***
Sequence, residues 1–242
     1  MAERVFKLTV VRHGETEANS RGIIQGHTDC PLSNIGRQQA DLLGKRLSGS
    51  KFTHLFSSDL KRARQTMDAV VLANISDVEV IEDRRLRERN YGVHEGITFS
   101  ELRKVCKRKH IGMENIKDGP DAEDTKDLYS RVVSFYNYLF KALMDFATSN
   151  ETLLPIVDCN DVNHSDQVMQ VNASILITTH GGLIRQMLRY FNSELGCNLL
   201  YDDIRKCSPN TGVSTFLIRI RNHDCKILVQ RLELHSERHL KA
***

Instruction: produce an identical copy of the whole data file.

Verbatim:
Sequence, residues 1–242
     1  MAERVFKLTV VRHGETEANS RGIIQGHTDC PLSNIGRQQA DLLGKRLSGS
    51  KFTHLFSSDL KRARQTMDAV VLANISDVEV IEDRRLRERN YGVHEGITFS
   101  ELRKVCKRKH IGMENIKDGP DAEDTKDLYS RVVSFYNYLF KALMDFATSN
   151  ETLLPIVDCN DVNHSDQVMQ VNASILITTH GGLIRQMLRY FNSELGCNLL
   201  YDDIRKCSPN TGVSTFLIRI RNHDCKILVQ RLELHSERHL KA